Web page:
• Tips gratefully accepted here. Thanks!:

  • Recent Comments

    eurobrat on One Tiny Mistake…
    Ivory Bill Woodpecke… on Evil people want to shove a so…
    Ivory Bill Woodpecke… on Evil people want to shove a so…
    riverdaughter on Evil people want to shove a so…
    campskunk on Evil people want to shove a so…
    eurobrat on D E F A U L T
    Ivory Bill Woodpecke… on Tina Turner (1939-2023)
    jmac on D E F A U L T
    jmac on Does Game Theory Even Help Us…
    William on Does Game Theory Even Help Us…
    William on Does Game Theory Even Help Us…
    jmac on Does Game Theory Even Help Us…
    William on Does Game Theory Even Help Us…
    Propertius on Does Game Theory Even Help Us…
    Propertius on Does Game Theory Even Help Us…
  • Categories

  • Tags

    abortion Add new tag Afghanistan Al Franken Anglachel Atrios bankers Barack Obama Bernie Sanders big pharma Bill Clinton cocktails Conflucians Say Dailykos Democratic Party Democrats Digby DNC Donald Trump Donna Brazile Economy Elizabeth Warren feminism Florida Fox News General Glenn Beck Glenn Greenwald Goldman Sachs health care Health Care Reform Hillary Clinton Howard Dean John Edwards John McCain Jon Corzine Karl Rove Matt Taibbi Media medicare Michelle Obama Michigan misogyny Mitt Romney Morning Edition Morning News Links Nancy Pelosi New Jersey news NO WE WON'T Obama Obamacare OccupyWallStreet occupy wall street Open thread Paul Krugman Politics Presidential Election 2008 PUMA racism Republicans research Sarah Palin sexism Single Payer snark Social Security Supreme Court Terry Gross Texas Tim Geithner unemployment Wall Street WikiLeaks women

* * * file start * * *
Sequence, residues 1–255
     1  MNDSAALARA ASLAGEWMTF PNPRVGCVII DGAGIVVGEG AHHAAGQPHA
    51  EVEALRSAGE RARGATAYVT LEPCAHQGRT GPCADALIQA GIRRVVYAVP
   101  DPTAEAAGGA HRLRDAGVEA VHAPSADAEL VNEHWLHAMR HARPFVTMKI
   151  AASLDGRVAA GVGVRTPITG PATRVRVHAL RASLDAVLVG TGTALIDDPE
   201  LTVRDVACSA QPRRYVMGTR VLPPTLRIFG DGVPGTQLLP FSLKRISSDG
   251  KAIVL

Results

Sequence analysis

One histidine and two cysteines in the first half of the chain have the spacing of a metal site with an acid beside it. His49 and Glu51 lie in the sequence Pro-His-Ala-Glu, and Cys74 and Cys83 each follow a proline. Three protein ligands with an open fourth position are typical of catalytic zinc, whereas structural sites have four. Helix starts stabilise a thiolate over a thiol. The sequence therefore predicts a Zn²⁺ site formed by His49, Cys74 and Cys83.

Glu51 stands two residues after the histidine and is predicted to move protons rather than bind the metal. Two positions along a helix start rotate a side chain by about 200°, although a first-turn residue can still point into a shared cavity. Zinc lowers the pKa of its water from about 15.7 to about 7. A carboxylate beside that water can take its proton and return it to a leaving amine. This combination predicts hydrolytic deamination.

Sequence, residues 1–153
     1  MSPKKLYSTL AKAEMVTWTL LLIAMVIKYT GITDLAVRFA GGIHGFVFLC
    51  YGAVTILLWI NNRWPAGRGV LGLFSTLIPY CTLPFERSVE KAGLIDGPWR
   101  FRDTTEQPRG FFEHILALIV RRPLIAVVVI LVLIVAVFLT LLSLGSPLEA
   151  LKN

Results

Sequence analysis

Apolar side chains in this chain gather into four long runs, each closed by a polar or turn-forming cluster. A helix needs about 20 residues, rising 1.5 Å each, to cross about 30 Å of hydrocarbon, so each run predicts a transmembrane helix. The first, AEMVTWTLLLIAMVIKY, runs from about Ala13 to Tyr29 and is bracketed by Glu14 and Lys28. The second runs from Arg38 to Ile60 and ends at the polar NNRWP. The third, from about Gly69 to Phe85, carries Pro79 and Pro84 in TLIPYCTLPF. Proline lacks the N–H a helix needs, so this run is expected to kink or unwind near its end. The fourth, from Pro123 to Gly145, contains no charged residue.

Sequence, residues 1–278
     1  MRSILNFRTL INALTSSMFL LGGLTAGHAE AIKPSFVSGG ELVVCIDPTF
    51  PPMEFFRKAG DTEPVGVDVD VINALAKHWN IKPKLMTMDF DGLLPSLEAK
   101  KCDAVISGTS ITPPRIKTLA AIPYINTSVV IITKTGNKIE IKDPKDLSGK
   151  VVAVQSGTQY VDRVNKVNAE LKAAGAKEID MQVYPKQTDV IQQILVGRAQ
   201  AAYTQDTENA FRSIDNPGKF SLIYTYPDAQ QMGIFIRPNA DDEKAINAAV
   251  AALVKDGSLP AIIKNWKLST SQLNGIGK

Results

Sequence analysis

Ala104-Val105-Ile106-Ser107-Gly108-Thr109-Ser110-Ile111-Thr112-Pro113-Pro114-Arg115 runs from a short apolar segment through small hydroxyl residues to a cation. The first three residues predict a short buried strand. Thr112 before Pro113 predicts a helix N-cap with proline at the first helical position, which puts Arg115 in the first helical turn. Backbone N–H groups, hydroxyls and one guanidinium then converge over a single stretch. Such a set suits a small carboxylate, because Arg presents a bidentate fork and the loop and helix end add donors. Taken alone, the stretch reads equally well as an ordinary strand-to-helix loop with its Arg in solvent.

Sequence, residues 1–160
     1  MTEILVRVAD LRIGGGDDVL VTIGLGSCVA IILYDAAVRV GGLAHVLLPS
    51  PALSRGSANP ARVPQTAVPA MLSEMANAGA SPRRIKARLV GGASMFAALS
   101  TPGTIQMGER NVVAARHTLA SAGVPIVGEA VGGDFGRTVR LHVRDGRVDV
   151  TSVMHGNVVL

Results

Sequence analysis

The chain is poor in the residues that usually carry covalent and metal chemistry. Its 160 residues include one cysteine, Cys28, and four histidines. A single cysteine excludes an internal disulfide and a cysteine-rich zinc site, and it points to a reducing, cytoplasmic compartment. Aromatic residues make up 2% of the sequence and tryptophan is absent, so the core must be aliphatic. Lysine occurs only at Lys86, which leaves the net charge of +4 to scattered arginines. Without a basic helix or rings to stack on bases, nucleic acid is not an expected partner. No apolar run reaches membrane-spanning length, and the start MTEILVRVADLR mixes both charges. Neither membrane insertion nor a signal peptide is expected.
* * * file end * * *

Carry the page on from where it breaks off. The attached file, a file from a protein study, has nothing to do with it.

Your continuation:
• Archives

  • History

    August 2010
    S M T W T F S
  • RSS Paul Krugman: Conscience of a Liberal

    • An error has occurred; the feed is probably down. Try again later.
  • The Confluence

    The Confluence

  • RSS Suburban Guerrilla

  • RSS Ian Welsh

  • Top Posts

This is why I was never a Deaniac

Transcript via alternet:

HOST: Governor, what is your position on the controversy surrounding the mosque at Ground Zero?

DEAN: I gotta believe there has to be a compromise here. This isn’t about the right for Muslims to have a worship center, or Jews or Christians or anybody else to have a place to worship, any place at Ground Zero. This is something we oughta be able to work out with people of good faith. And we have to understand that it is a real affront to people who lost their lives, including Muslims. That site doesn’t belong to any particular religion, it belongs to all people of all faiths. So I think a good reasonable compromise could be worked out without violating the principle people oughta be able to worship as they see fit.

HOST: You’re calling for a compromise, are you calling for the mosque to be moved?